Rescue Remedy (July/Aug 2001)

Friday, 01 April 2011 07:43

OpenMind - Journal of the mental health association MIND

July/Aug 2001


Dorothy Rowe

Two years ago my friend Anna went through a very bad time. Up till then she had been happy, and with good reason. She had an interesting, responsible, well-paid job, a light, airy modern loft, a glamorous social life and Nick, her handsome, loving partner. She and Nick were talking about marriage and a family. Then suddenly it all went wrong. Her firm was taken over by a large organisation, Anna was demoted, and her new boss issued orders and didn’t listen. Then Nick left, saying that he wasn’t ready for commitment. What he was ready for, as Anna found out accidentally, was a much younger woman. Anna’s social life vanished because it was based on couples, and Anna couldn’t bear being the odd one out.

Anna withdrew into herself. Her mother phoned me and asked me whether I thought Anna was depressed. I said I didn’t know. Anna insisted to me that she was fine, though her eyes told another story.

Six months went by, then out of the blue Anna phoned to tell me that she had changed her job to something completely new, and in another city. She had a buyer for her loft, and I must visit her once she was settled in her new home.

Which I did. She’d bought a little house with a garden. She’d taken up gardening and cooking, and, most astounding of all, she whose longest walk had been fifty yards to her favourite bar, had joined a rambler’s group.

Anna talked to me about the changes she had made. She said, ‘I did go through a really bad time, and then one day it dawned on me I was waiting to be rescued. I thought, “That’s not me, I’m not that sort of person,” and so I rescued myself, I suppose.’

We all long to be rescued. We want that a good parent to banish everything that oppresses us and makes us frightened, to fight our battles and make sure we are safe from harm. Some of us when we were little did have a parent like that, and some of us longed for a parent who did look after us, but, whichever, we all came to know that parents are fallible and no parent can rescue us from every danger and disaster. Some of us put our faith in a God who would watch over us, but then we discovered that even an all-good and all-powerful God doesn’t protect us from suffering. Some of us went on believing the fairy stories we were told as children, that, if we were good, one day Prince Charming, or a powerful king, or a beautiful woman would see our goodness and save us. It was a hard lesson for us to learn that, though other people can help and support us, the only person who can rescue us is ourselves.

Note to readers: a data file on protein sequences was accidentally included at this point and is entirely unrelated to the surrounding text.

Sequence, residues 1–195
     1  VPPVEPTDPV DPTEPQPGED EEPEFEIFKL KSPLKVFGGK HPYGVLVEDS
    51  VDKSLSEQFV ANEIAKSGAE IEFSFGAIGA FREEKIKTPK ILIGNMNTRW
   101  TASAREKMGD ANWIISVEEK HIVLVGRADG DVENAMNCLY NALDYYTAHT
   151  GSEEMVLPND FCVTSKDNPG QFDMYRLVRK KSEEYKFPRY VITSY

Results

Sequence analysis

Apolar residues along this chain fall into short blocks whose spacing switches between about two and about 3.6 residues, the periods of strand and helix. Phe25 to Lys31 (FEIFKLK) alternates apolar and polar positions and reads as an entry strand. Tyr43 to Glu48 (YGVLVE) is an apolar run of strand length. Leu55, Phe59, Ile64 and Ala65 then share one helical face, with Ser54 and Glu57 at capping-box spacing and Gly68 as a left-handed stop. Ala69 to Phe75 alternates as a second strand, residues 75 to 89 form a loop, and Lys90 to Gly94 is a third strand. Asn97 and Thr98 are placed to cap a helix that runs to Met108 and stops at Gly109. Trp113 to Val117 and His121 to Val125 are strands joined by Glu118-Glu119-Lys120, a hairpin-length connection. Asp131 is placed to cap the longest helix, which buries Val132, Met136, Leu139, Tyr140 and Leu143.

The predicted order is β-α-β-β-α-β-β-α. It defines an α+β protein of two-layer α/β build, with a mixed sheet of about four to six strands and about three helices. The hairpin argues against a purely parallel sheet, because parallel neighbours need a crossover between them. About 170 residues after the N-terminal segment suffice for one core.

Some people refuse to learn this lesson. They cannot bear to let go of the illusion that one day they will be rescued. They look to this drug, this day centre, this therapist, this self-help group, not as a tool which they can use to rescue themselves, but as a rescuer. When this particular would-be rescuer fails them they feel betrayed yet again, and at the same time they blame themselves for not being worthy of rescue.

Some people enjoy the process of being rescued and they become quite skilled in attracting would-be rescuers. There are always lots of people around who want to rescue poor unfortunates, and getting attention from such people is easy and can be pleasurable, but would-be rescuers never get it right. They never understand just what you want to be rescued from. You don’t want to leave your partner who’s so horrible to you. You just want him to become nice. You don’t want to become self-confident because then people will expect you to do things. Would-be rescuers don’t understand that, while you enjoy being rescued, you don’t want to change. You want to go on just as you are, only not being miserable. These rescuers suggest changes – think well of yourself, get out more, take up yoga – and sometimes you carry out one of their suggestions, but, as you know it will, it all turns out badly. Then you can have the pleasure of complaining about how you’ve been let down and how other people don’t understand you. 

It takes courage to recognise that the only Prince Charming who is going to save you is yourself.

Openmind July, 2001.